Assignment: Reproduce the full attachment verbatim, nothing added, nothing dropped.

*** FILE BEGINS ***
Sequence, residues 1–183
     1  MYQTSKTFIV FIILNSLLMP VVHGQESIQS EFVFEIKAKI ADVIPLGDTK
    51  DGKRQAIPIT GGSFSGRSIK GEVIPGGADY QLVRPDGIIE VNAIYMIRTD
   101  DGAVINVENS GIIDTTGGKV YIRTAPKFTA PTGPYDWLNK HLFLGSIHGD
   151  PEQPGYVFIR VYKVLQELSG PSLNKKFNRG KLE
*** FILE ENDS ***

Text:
Sequence, residues 1–183
     1  MYQTSKTFIV FIILNSLLMP VVHGQESIQS EFVFEIKAKI ADVIPLGDTK
    51  DGKRQAIPIT GGSFSGRSIK GEVIPGGADY QLVRPDGIIE VNAIYMIRTD
   101  DGAVINVENS GIIDTTGGKV YIRTAPKFTA PTGPYDWLNK HLFLGSIHGD
   151  PEQPGYVFIR VYKVLQELSG PSLNKKFNRG KLE